What to Look for When Choosing Chiropractic Malpractice Insurance
- Chiropractic malpractice insurance is essential for chiropractic practices to operate safely and protect against costly litigation.
- Chiropractors must ensure they have appropriate coverage for their practice based on size, specialty, location, and state requirements.
- All chiropractic practices should also have chiropractic liability insurance for claims arising from personal injury or sexual misconduct allegations.
- Choosing coverage also includes deciding between occurrence or claims made policies, based on necessary coverages.
All chiropractic practices must protect their operations with chiropractic malpractice insurance and liability policies. With these coverages, you can have peace of mind that your practice won’t have to pay expenses related to potential malpractice, personal injury, or sexual misconduct claims out-of-pocket. Understanding how to determine the coverage you need and potential claims payout schedules can help you choose the right chiropractic malpractice insurance for your practice.
Determining Appropriate Chiropractic Malpractice Insurance Coverage
Doctors in other fields are more likely than chiropractors to experience lawsuits, but that doesn’t mean it can’t happen to you. If you are hit with a lawsuit and don’t have sufficient insurance, you could end up in bankruptcy while also losing your license.
Chiropractic malpractice insurance is an absolute necessity. Consider how much coverage your practice needs. Most malpractice policies offer up to $3,000,000 in aggregate coverage. These policies are written as $1,000,000/$3,000,000, meaning they offer a $1 million limit per claim per policy period and a $3 million limit for all claims made in a policy period.
Deciding on your practice’s coverage amounts can be a complex process. Consult your attorney or accountant to determine the amount of coverage your practice requires and remember that this amount is not set in stone.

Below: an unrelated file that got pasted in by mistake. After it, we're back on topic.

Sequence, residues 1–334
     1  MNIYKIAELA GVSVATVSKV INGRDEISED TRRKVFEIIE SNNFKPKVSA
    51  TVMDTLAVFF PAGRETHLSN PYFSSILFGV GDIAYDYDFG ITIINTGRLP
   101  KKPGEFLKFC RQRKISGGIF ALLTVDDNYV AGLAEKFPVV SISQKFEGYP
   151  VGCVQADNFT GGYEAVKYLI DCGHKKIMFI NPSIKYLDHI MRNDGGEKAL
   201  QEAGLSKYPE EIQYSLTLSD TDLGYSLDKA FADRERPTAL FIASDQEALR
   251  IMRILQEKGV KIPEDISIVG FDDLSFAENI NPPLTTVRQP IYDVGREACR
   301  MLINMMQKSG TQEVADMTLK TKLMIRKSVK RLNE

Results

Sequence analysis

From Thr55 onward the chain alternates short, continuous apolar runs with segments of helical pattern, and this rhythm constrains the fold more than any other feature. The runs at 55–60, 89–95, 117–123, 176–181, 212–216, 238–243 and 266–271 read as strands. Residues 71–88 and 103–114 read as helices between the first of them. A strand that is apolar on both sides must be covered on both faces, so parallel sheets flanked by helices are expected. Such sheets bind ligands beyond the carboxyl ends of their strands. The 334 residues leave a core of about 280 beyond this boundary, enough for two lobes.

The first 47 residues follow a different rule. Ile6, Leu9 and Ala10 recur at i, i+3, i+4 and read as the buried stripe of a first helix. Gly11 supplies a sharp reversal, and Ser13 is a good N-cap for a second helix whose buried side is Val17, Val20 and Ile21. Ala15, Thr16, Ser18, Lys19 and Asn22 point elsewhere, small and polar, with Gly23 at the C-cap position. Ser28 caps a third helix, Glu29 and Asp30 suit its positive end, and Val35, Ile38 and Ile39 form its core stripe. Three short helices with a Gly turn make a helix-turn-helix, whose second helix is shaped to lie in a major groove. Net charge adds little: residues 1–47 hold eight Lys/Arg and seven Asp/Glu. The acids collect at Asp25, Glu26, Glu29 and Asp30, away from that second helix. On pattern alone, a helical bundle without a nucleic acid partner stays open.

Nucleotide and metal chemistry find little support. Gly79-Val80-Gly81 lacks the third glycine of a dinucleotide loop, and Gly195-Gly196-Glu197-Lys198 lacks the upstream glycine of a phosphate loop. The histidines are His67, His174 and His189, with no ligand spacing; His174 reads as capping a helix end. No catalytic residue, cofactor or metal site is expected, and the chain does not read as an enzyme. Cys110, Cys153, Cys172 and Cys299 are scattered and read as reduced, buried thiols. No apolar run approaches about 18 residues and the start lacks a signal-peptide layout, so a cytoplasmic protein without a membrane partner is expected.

It’s wise to review your coverage limits annually to ensure there is sufficient insurance money as your practice grows. While you don’t want to pay for more coverage than necessary, it is better to have too much insurance than finding yourself underinsured. In a worst-case scenario, if you are sued, too little coverage can end up exposing your personal assets.
Also, check if your network has a minimum policy limit. Your state may also have such minimums, but much like state minimums for auto insurance liability amounts, you want to go above bare-minimum coverage.
Chiropractic Malpractice & Liability Insurance
For best results, choose a company specializing in chiropractic liability insurance, not general medical malpractice insurance. An insurance company specializing in chiropractic insurance designs policies created specifically with chiropractic in mind.
Their staff and the lawyers they use are familiar with chiropractic, so they can defend you against allegations. It’s not a matter of an attorney trying to bone up — pun intended — on chiropractic so they can mount a good defense, as may occur if you choose a general medical malpractice policy.
You also want an insurer with an A rating from top insurance credit rating services. When choosing your insurance, check their rating from one of the following top four respectable insurance rating companies such as:
- A.M. Best
- Standard & Poor’s
You can also check with your state’s insurance department to provide information about malpractice insurance companies and ratings. These ratings prove the insurer is financially stable and able to pay claims. Of course, you must make sure a national chiropractic insurance carrier is licensed in your state before purchasing a policy.
It’s also important to know just what services your chiropractic liability insurance company provides. Never assume you are covered for certain events. Instead, read the policy carefully, write down any questions you have and get answers from your insurance representative or broker. The last thing you want to discover is that a claim has been filed and you aren’t covered.